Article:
This build was my "Plan B" option. Ryzen CPUs do not support integrated graphics. I wanted to start gaming and streaming, so I went with an Intel CPU. I planned to add a graphics card as funds became available. I ordered my "Plan B" parts and, literally, the next day, this GPU went on sale AND included a game I planned on buying anyway, so I ordered the GPU, and built what you see here. As always, the individual parts costs has changed, (increased as of this writing, 9/7/2017), since I built this PC.
This is my first PC build. I look forward to your comments and suggestions for improvement for my future builds.
I do not plan to do any overclocking at this point, so spending the additional money for an unlocked CPU, an aftermarket cooler, and a "Z" or "X" series motherboard seemed wasteful. I used the money saved to "upgrade" my storage options. More on that later.
This motherboard was chosen, as were most of the parts for this build, based on compatibility first, with low-cost and great performance second, with regards to my intended uses of this build. Plenty of expandability; four DIMM slots capable of supporting up to 64GB RAM; Six 6GB/s SATA ports; 1 x 10/100/1000 Mbps Ethernet port; and on-board USB 3.0 ports. More than enough motherboard for my needs.
Adding another kit later will give me the 32GB recommended for live-streaming duties, and the current 16GB kit provides ample memory available for most current gaming duties. I know it is red, but as I stated previously, all parts were purchased based on compatibility first, (this kit is on the QVL), and low-cost second.
Boot times are measured in seconds. The OS, some applications, and a select list of games reside on this SSD. It is just barely over half-full.
I chose the Toshiba X300 4TB 3.5" 7200-rpm, again for its low-cost, low-noise, and high-capacity. Until I add additional storage drives, this is where everything else is stored. My continually growing Steam, GOG, and Origin game libraries, plus documents, spreadsheets, presentations, University assignments, (I graduated Summer 2017), etc., are all housed on this drive. I used slightly less than 0.7TB of its 3.63TB usable capacity.
120-watts TDP; Dual fans; 210mm (8.27-inches) in length; One DVI-D Dual Link, One HDMI, and three DisplayPort connections for 1080p gaming duties. With the games I currently play, "Cold Waters" and "League of Maidens" being two of them, I have yet to hear the fans on this card. Perhaps that will change as I become more proficient with the gameplay, but for now, this card runs very cool and extremely quiet.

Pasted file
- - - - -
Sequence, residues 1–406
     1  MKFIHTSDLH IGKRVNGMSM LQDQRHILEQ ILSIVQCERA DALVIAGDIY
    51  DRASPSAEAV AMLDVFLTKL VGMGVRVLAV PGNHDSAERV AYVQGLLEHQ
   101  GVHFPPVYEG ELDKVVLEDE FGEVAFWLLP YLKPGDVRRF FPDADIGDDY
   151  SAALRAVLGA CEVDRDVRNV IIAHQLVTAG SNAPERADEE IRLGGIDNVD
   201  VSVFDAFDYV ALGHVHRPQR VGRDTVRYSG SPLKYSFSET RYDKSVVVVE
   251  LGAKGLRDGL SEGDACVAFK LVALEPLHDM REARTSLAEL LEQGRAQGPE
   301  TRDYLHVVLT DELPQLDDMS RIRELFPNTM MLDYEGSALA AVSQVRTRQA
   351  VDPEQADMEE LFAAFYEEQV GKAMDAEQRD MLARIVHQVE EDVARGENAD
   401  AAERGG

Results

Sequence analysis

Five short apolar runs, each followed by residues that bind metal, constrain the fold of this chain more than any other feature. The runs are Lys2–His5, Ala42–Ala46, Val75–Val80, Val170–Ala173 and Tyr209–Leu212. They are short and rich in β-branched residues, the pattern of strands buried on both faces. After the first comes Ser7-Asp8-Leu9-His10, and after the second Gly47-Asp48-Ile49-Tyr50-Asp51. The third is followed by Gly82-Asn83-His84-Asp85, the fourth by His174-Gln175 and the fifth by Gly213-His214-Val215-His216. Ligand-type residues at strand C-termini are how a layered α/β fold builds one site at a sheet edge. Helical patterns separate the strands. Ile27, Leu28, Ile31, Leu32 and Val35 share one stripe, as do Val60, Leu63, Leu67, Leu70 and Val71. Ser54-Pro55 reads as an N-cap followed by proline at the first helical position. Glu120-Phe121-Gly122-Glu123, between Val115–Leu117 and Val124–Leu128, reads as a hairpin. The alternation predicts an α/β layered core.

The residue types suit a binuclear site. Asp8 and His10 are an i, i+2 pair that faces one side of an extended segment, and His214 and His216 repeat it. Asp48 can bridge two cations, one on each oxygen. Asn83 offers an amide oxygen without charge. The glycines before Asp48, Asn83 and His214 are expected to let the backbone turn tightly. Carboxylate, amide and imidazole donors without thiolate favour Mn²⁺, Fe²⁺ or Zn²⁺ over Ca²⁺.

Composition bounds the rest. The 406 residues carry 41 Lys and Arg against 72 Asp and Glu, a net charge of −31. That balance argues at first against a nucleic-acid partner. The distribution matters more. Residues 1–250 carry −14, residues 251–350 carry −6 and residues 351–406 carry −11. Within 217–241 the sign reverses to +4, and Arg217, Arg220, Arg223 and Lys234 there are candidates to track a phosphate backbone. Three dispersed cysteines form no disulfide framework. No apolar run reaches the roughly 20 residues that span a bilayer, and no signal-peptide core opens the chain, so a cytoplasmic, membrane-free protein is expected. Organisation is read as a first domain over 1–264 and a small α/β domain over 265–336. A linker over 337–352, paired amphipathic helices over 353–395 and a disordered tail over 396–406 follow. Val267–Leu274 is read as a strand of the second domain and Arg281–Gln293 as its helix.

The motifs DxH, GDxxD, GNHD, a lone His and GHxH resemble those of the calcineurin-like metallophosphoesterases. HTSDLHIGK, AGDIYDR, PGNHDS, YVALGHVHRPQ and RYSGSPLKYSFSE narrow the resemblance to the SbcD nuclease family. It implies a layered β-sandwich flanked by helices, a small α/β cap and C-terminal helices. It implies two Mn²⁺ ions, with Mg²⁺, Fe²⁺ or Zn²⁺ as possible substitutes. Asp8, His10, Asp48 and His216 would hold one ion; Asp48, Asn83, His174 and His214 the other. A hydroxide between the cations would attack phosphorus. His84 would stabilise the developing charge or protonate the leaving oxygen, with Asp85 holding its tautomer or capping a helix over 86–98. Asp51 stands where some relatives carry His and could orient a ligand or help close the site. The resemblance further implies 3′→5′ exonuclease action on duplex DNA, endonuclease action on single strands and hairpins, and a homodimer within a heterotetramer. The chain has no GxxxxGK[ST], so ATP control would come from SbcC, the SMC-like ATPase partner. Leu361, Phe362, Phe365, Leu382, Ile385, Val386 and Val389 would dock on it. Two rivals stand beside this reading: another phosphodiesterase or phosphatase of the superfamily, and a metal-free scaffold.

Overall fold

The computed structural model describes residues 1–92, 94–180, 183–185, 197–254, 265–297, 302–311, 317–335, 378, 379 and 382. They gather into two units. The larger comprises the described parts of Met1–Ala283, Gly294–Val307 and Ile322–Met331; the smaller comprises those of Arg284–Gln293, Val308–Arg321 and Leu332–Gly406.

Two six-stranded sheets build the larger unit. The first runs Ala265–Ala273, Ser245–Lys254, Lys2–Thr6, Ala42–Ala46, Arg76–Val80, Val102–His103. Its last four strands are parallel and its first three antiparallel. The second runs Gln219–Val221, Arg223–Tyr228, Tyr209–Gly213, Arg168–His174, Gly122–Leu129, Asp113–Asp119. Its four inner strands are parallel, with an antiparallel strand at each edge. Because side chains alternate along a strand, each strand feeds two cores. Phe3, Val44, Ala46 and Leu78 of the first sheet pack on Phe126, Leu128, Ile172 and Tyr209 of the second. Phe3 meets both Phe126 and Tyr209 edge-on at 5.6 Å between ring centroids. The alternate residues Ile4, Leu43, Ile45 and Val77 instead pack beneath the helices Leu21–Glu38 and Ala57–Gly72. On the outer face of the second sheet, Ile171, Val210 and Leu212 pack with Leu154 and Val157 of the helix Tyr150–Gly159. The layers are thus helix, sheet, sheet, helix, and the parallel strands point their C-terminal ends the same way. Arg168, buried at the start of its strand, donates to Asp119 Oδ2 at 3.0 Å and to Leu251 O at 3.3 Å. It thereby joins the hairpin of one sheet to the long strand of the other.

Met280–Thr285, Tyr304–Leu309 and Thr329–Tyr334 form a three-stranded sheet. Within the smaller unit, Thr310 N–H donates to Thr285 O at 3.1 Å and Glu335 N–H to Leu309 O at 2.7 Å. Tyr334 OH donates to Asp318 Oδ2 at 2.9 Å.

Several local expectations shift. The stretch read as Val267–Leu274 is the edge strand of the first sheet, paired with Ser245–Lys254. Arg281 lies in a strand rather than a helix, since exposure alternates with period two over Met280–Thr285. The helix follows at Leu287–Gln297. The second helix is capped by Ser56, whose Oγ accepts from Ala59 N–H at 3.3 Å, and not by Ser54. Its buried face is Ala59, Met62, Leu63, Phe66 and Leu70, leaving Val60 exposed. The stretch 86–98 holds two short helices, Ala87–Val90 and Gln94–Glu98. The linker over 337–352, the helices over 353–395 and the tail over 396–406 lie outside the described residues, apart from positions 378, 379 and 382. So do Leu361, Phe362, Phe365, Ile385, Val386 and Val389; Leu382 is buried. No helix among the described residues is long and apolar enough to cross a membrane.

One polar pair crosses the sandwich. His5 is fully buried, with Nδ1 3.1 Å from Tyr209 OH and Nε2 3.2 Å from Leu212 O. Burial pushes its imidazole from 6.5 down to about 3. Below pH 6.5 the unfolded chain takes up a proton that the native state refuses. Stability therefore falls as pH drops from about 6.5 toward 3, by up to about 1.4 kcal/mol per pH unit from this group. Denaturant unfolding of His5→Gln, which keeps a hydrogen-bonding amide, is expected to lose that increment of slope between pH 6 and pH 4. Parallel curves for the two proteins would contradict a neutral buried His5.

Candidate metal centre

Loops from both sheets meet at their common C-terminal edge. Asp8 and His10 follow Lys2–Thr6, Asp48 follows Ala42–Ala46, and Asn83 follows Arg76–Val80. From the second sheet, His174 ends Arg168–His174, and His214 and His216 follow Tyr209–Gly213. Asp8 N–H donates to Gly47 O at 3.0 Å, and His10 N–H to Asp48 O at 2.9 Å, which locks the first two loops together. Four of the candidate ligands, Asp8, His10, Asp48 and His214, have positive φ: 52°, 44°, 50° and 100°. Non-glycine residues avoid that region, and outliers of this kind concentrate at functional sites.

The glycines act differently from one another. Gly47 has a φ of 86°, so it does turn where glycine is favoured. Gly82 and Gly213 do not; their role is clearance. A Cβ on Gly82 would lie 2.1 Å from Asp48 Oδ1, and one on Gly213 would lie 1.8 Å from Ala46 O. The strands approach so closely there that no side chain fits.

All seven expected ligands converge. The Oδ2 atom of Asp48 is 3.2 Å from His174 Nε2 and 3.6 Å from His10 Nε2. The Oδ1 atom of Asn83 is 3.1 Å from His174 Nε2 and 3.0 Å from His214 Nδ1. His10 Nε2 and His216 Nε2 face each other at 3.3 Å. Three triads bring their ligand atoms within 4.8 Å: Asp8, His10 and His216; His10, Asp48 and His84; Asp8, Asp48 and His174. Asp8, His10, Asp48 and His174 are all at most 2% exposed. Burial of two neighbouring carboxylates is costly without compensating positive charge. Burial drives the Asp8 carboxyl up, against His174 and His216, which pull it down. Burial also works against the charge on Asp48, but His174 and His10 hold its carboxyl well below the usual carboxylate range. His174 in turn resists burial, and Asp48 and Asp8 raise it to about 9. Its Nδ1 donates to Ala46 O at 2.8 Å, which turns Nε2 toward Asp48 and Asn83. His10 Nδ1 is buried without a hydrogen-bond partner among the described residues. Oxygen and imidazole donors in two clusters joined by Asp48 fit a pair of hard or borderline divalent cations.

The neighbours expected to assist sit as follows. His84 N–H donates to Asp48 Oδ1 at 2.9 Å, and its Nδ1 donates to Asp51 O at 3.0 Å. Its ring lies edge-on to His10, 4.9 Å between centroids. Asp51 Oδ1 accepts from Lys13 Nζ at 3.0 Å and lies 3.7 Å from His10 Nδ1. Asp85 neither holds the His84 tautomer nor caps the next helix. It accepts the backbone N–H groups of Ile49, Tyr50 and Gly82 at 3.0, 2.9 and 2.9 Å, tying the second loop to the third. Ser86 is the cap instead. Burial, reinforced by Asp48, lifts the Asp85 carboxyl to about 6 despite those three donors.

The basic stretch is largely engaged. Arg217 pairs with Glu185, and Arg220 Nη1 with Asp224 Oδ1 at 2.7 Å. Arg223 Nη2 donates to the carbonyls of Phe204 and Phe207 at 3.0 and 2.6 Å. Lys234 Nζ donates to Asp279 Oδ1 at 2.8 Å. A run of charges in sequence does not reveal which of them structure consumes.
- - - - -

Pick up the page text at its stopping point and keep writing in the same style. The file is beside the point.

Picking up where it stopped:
I am quite impressed with this case, taking into account this is the first case with which I have any experience. I did encounter a "problem" during this build. After making all of the connections, the USB 2.0 ports on the top panel were not recognized by the system. Long story short, the USB 2.0 cable was pinched between the top cover and the top of the case chassis. I am unsure if this was an intentional placement of the cable for some reason, or if it was lack of quality control. Either way, "problem" resolved.
This case comes with five 120mm blue LED fans installed. The rear exhaust fan is controlled directly by the motherboard. The two top exhaust fans and the two front intake fans are controlled by their own separate three-position, (Low-Stop-High), fan-controllers on the top-panel. This case has room for one external 5.25-inch drive, four internal 3.5-inch drives, or five internal 2.5-inch drives. The case can accommodate motherboards up to ATX size. There are two USB 3.0 and two USB 2.0 ports on the top panel for easy access. Of course, there are connections for headphone, microphone, LEDs for power and HDD activity, a "Reset" button, and SD and TF (Micro-SD?) ports, too. I have to keep reminding myself that this is a $60 case. Maximum video card length is 15.43-inches.
I ordered an optical drive; don't judge me. I play a lot of old games that are disk-based with some even requiring the disk remain in the drive during gameplay.
This PSU more than handles my current power needs. Being semi-modular means I saved some money vs. fully-modular and I can add additional cables as I add additional internal components. The only drawback about this PSU that I can see, and it is a visual issue, is the ketchup-and-mustard cabling on the fixed 24-pin power cable.
Keyboard: This keyboard and optical mouse combination are black with blue backlighting. I chose the blue backlighting to match my case fans' lighting. I must say, I am somewhat disappointed with this keyboard color. The blue backlighting does not illuminate the keys as much as I would like, even in a dark room. Even the angle of the lifting legs do not position the keyboard in a favorable hand position for me.
Mouse: I like the feel, look, lighting, and amount of control surfaces on the included optical mouse. I am 6' 2" and have somewhat large hands. This is right-hand only mouse configuration. The mouse fits very well in my hand and my fingers fall naturally into place over the control surfaces.
One annoying thing I have noticed about this mouse already is a squeaky mouse wheel. That is really the only complaint I have regarding the mouse.